Apr 27, 2006

One More Time, Please?

I liked this article:


Girl Meets God: Melissa Matthews (www.studylight.org/gmg)

I have a confession of sorts this week. It's kind-of unbelievable, so hang on to your jaw. And if you see me this week- don't laugh.

Sometimes when I come home from work after an arduous day trying to control the behavior of 132 9th graders, I pull up in my driveway hoping to see something at my front door. It could be any number of things: a UPS package; an arrangement of flowers; an envelope with a gift certificate.

And, you guessed it-- that hardly ever, never, materializes.

Then, I find the mailbox key and go check the mail. Once again, I'm not looking for bills or grocery ads, but for something wonderful and amazing: a check for lots of money from nowhere; a letter from my favorite college friend; a contract from a major publisher.

And you guessed it-- nothing is there but bills, credit card applications, and grocery ads.

Then, I sit down at the computer and check my email. Surely I've gotten some special, personal letter from someone in the midst of the thousand pieces of junk mail that deluge my inbox. I delete carefully and more slowly than necessary lest I delete this exceptional email telling me how loved and wonderful I am.

And again-- weight-loss ads and urban-legend-forwards are all I find.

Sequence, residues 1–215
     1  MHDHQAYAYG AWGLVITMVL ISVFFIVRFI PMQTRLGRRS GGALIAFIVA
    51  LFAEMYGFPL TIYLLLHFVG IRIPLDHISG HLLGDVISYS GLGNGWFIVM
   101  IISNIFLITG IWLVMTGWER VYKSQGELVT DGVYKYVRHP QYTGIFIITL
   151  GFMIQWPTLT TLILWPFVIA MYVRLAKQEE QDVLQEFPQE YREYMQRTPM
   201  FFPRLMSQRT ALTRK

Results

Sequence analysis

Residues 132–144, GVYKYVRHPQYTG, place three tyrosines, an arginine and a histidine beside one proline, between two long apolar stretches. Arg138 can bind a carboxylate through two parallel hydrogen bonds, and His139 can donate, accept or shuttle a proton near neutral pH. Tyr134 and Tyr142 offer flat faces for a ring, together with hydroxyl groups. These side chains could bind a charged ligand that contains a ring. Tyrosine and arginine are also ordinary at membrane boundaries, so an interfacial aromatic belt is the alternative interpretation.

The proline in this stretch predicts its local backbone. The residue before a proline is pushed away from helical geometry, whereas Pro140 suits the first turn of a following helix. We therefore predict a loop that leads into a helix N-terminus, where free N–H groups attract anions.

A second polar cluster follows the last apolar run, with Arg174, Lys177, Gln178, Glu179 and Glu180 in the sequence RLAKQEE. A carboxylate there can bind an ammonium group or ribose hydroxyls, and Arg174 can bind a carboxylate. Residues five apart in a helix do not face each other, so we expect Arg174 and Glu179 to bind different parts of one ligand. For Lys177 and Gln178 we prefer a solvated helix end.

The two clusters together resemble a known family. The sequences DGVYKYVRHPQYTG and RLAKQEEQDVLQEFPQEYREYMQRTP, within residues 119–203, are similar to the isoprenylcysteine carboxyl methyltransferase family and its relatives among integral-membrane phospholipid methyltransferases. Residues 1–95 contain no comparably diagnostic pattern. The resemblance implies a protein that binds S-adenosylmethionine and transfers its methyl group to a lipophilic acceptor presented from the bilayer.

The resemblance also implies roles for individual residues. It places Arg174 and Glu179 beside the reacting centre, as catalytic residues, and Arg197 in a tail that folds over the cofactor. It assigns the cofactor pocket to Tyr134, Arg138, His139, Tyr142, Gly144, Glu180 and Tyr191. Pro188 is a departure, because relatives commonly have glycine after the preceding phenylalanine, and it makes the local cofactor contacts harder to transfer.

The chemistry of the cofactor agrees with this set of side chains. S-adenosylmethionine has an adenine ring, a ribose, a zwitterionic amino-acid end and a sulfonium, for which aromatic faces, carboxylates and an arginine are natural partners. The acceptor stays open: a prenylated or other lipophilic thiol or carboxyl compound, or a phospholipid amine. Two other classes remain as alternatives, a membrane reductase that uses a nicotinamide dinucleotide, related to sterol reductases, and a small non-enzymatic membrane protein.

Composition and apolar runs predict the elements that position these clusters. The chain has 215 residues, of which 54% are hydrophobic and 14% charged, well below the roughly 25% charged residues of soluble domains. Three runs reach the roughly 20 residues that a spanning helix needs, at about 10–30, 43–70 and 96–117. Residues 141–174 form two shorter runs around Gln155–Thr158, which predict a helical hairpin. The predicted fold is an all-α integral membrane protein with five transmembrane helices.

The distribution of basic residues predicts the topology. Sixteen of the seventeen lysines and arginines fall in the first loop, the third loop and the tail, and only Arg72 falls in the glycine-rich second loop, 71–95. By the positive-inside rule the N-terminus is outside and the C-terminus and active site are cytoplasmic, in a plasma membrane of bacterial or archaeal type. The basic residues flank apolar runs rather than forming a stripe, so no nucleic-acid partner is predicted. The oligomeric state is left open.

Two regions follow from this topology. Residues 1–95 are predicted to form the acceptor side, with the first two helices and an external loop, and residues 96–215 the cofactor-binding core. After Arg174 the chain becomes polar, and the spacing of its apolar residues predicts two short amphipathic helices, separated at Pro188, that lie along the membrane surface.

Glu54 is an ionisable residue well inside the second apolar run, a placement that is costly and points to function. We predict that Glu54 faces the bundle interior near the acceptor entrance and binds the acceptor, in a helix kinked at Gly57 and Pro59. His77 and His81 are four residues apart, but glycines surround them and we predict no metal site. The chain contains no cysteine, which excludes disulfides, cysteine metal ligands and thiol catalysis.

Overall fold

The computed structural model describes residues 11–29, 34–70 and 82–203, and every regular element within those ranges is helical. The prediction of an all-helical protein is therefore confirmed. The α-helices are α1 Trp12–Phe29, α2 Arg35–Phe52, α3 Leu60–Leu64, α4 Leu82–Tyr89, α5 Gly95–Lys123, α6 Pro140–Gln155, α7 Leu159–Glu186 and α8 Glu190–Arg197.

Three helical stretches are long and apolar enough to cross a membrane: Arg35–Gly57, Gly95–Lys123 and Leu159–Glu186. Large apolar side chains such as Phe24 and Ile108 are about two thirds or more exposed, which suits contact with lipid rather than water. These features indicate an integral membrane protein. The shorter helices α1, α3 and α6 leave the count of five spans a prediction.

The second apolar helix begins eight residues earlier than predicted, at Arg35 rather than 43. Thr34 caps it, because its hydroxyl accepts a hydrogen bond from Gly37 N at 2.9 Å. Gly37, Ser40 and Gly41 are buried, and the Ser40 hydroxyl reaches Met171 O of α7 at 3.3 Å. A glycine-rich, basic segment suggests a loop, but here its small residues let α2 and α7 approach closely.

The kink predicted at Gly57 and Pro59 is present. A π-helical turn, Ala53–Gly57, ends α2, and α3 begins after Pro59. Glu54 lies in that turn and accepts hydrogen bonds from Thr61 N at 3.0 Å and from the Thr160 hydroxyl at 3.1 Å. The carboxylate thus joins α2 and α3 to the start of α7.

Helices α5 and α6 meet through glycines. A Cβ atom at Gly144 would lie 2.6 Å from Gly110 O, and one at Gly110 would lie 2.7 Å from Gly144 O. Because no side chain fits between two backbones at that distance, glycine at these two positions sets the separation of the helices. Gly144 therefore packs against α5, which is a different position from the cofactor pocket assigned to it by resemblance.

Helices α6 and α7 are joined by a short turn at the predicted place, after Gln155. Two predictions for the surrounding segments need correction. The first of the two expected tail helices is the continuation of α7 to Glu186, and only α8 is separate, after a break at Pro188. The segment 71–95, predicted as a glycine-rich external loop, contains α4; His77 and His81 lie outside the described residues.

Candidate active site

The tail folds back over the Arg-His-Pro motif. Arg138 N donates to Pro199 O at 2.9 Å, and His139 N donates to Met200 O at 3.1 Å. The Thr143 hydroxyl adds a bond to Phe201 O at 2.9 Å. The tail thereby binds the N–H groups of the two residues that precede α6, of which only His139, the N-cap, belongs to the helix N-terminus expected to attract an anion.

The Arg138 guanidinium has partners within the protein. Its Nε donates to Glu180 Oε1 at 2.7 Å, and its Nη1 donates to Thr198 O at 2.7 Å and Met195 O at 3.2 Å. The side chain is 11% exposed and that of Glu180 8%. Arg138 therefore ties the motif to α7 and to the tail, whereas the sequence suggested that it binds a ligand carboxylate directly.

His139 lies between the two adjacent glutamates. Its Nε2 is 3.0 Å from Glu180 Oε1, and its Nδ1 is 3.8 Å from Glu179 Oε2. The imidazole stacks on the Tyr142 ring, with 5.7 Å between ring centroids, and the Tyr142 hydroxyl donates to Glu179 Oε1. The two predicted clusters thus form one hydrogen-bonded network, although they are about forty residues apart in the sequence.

Sometimes I wonder where I get such crazy expectations, though there have been a few surprises over the years that make my optimism somewhat reasonable. Once, the bank sent us the title to our new Suburban because someone had gone into the bank and paid off the loan. Last year, Scott's grandmother sent me flowers when I found out I had dormant TB. Every so often, I get the sweetest emails at work from Scott.

But this constant nagging to know I'm loved and special is unreasonable. Why should there be constant gifts and continuous accolades restating what I already know. I don't need packages or bouquets or emails to say what scripture has already said: "God demonstrates his own love for us in this: While we were still sinners, Christ died for us" (Romans 5:8).

Whether my day has been a display of superb performance, or one that has reaffirmed my status as sinner, God has already demonstrated his love for me—Christ died for me. No repeat performance will be granted, so why do I keep asking? I've been given complete forgiveness and eternal life. What else is there?

So tomorrow, when I swing my big, green suburban into the driveway, I'll remember the package is already there.

2 comments:

Annette Burkett said...

What an awesome post and a great reminder!

Sonya C. Triggs said...

I feel exactly the same way that you do. I have a P.O. Box (as well as my home address), and every time I go there, I'm looking for something. And, like you, I've received good things in the mail before, but lately all I've seen are bills, magazine subscriptions and work-related stuff. I check my email religiously, text messages, and voice mail. And, very rarely do I ask myself - what the heck am I looking for?

You hit the nail right on the head - it's the attention I'm after. The idea that someone, somewhere thought of me, just when I was beginning to feel ignored, neglected and unimportant. Sometimes the hardest part about being a Christian (for me) is how my identity has begun to fade as I plug more and more into the dynamic of helping others. But isn't that what it's really all about?

I'm still trying to figure it out, but if you find out, please let me know :)